Set between Copenhagen and North London’s Orthodox community, Gabriel Bier Gislason’s paranormal debut strikes an impressive balance
Starting with a brightly-coloured meet-cute in a library and ending up with a terrifying paranormal confrontation in a dank attic, Attachment is quite the unexpected journey yet, making his feature debut, writer/director Gabriel Bier Gisalson (son of acclaimed Danish filmmaker Susanne Bier), navigates the twists and turns of his dark romance with skill. Featuring a trio of strong female characters, and mixing familiar horror tropes and family tensions with less widely-known religious mythology, this story of a new couple whose burgeoning relationship is threatened by an overbearing mother is sharp in both its observations and its genre elements.
That in itself is likely enough to secure further festival interest following its premiere in Tribeca’s Midnight screenings, and an appreciative audience when it arrives on Shudder in territories including the UK and North America. Despite its very specific setting, international viewers should respond to its genuine chills and sensitive use of religious traditions in a similar vein to Keith Thomas’ The Vigil or Romola Garai’s Amulet. (It is also reminiscent of Natalie Erika James’ Relic in its exploration of how the behaviours of an older generation cast shadows over the young.)
The initial meeting between has-been Danish actress Maja (Josephine Park) and English student Leah (Ellie Kendrick) is intentionally romcom-cute; dressed as an elf, Maja is rushing through a library on her way to entertain some kids when she runs headlong into Leah. The sparks fly along with the books, and the pair spend a passionate night together. Their attraction is strong, and it’s not long before Leah is cancelling her trip back to England — and ignoring multiple calls from her mother. One night, however, Leah breaks her leg during a terrifying seizure which forces her to head home, a love-struck Maja in tow.
Home for Leah is the Hasidic enclave of Stamford Hill, North London, where she lives with her mother Chana (Sofie Grabol) in a terraced house converted into two flats, one for each of them. That late-20s Leah still lives with mum is not initially a red flag, particularly in this age of spiralling housing costs, but in the claustrophobic confines of her dark, wood-panelled home — a world away, both stylistically and ideologically, from Maja’s bright, relaxed Scandinavian apartment — the film begins to change its shape.
Chana is fiercely Orthodox in her faith, putting great stock in tradition and superstition which effectively creates a bubble around herself and her daughter which Maja struggles to permeate, despite her best efforts. The need to understand leads her to a local book shop run by Maja’s uncle (a wonderfully dry David Dencik), where she is exposed to Jewish beliefs such as the golem (an inanimate object brought to life to defend the Jewish faith) and the Dybbuk (a malevolent spirit who possesses a living body).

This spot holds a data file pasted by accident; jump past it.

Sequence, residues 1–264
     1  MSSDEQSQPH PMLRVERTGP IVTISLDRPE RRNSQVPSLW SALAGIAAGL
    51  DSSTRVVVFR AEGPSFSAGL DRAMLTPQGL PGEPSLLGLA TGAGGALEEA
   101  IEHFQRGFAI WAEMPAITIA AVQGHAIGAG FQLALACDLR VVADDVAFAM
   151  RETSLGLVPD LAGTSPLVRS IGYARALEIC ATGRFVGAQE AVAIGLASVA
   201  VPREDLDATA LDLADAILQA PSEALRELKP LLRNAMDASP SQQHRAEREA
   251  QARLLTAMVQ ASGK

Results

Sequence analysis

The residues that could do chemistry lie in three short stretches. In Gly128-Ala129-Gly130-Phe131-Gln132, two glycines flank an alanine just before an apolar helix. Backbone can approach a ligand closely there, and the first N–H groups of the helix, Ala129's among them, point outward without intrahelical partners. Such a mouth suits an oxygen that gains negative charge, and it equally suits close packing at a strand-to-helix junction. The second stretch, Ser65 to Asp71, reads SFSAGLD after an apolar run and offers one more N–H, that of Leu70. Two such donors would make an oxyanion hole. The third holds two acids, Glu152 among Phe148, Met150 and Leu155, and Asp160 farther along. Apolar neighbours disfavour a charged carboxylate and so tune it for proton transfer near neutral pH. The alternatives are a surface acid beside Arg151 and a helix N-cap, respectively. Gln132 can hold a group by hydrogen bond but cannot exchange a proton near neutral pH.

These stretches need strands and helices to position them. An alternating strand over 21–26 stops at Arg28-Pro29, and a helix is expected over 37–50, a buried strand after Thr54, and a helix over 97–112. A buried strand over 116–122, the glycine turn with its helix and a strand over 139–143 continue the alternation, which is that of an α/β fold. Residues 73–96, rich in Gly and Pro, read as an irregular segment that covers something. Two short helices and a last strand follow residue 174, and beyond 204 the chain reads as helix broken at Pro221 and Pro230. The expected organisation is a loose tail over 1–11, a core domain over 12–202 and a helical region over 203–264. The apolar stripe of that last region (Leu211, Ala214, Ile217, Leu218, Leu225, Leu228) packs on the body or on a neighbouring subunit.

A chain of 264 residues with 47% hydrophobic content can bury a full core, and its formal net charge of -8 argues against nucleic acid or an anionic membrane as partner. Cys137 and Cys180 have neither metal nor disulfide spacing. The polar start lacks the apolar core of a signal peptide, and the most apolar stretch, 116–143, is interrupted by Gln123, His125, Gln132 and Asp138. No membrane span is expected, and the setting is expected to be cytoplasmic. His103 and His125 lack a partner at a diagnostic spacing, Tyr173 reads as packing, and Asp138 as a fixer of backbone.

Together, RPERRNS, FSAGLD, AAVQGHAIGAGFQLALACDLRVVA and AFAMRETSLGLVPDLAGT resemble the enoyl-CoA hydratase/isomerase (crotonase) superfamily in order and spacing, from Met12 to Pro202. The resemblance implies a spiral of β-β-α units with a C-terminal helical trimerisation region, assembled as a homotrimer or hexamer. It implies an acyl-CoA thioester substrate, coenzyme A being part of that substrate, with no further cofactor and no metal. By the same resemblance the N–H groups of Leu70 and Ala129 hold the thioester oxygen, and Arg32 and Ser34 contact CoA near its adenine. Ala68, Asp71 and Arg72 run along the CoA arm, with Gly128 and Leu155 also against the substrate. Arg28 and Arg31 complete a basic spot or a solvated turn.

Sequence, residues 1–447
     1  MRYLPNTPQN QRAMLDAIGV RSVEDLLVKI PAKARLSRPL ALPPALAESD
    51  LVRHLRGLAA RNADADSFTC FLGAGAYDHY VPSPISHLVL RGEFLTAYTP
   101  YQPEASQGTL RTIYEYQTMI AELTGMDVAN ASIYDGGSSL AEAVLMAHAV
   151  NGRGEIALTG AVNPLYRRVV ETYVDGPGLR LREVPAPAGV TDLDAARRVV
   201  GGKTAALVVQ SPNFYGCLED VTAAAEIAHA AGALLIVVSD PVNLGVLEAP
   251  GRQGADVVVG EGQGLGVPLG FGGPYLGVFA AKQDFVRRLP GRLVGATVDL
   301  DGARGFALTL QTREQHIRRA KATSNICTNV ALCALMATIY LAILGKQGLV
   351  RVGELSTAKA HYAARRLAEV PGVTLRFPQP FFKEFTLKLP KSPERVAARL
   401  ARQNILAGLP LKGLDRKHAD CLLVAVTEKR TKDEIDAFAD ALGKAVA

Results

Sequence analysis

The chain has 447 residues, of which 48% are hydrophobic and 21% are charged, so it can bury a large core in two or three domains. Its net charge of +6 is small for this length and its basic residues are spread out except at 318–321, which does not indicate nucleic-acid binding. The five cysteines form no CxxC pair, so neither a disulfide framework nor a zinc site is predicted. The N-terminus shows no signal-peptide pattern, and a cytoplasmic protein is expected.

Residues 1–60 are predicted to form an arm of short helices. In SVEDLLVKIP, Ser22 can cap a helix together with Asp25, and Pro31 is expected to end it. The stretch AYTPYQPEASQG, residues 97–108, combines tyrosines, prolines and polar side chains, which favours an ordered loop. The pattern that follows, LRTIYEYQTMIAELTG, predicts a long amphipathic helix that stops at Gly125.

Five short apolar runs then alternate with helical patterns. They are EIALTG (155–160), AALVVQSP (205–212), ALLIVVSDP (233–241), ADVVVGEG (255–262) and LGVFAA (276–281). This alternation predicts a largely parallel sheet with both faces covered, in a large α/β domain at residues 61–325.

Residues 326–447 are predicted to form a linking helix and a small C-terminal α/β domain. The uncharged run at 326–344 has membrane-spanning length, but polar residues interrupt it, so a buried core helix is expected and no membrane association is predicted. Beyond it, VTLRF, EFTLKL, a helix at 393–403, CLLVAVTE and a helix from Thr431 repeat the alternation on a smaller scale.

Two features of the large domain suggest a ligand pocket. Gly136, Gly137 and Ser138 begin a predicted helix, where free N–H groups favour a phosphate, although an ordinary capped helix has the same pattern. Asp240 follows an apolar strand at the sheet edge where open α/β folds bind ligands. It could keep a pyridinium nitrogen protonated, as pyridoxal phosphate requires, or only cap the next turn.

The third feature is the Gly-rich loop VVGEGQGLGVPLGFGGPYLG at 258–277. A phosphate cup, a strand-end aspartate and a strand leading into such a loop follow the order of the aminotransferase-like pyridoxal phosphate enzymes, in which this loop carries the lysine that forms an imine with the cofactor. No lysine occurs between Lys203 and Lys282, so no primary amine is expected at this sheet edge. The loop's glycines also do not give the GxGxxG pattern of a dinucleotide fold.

With these ideas festering in her head, Maja becomes convinced that something is not right in Chana’s house — where the floorboards creak, lit candles appear at the end of the bed and piles of salt are hidden in every corner. In particular, she becomes concerned about Chana, whose desire to care for her adult daughter seems to tip into dangerous obsession and hints at possible mental illness. Convinced that Leah is in danger, Maja takes her to the peaceful isolation of rural Denmark — and it is there that all hell really breaks loose.
Despite these themes, Gislason resists the urge to go full-tilt with the horror. He keeps things intimate in scale, trades in creeping dread rather than all-out scares, and the film is all the more effective for that approach. The tension builds naturally in this insular environment, in which blind faith can be as much of a curse as a blessing and community can mean both acceptance and isolation. Sensations permeate, rather than being compounded with overbearing musical cues — although sound design is particularly effective — or obvious jump-cut edits.
Those tools aren’t needed when the screenplay is as strong as this and, ultimately, Attachment is so successful because it keeps its focus on the shifting dynamics between Maja, Leah and Chana — fascinating, nuanced characters played with restraint and skill. It’s also notable that the girls’ sexual orientation is treated simply as one of the film’s multiple textural details; instead, Chana’s animosity is a direct result of her desire to keep her daughter closeted within the supposed sanctuary of her faith for reasons that will become desperately clear.
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